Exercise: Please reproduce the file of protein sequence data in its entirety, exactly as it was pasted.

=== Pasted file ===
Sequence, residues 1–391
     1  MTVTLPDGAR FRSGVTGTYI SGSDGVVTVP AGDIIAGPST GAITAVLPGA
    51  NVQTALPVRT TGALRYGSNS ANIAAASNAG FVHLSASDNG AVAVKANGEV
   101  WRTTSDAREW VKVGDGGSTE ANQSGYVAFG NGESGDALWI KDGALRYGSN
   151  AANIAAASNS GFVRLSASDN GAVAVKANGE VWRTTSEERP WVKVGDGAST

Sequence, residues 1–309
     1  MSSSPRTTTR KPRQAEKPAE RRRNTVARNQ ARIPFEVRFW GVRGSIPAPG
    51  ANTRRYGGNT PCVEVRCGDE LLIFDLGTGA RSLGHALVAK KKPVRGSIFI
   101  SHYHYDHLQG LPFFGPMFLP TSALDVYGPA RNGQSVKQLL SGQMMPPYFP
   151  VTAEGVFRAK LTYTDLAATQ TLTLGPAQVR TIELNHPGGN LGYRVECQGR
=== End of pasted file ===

Sequence, residues 1–391
     1  MTVTLPDGAR FRSGVTGTYI SGSDGVVTVP AGDIIAGPST GAITAVLPGA
    51  NVQTALPVRT TGALRYGSNS ANIAAASNAG FVHLSASDNG AVAVKANGEV
   101  WRTTSDAREW VKVGDGGSTE ANQSGYVAFG NGESGDALWI KDGALRYGSN
   151  AANIAAASNS GFVRLSASDN GAVAVKANGE VWRTTSEERP WVKVGDGAST

Sequence, residues 1–309
     1  MSSSPRTTTR KPRQAEKPAE RRRNTVARNQ ARIPFEVRFW GVRGSIPAPG
    51  ANTRRYGGNT PCVEVRCGDE LLIFDLGTGA RSLGHALVAK KKPVRGSIFI
   101  SHYHYDHLQG LPFFGPMFLP TSALDVYGPA RNGQSVKQLL SGQMMPPYFP
   151  VTAEGVFRAK LTYTDLAATQ TLTLGPAQVR TIELNHPGGN LGYRVECQGR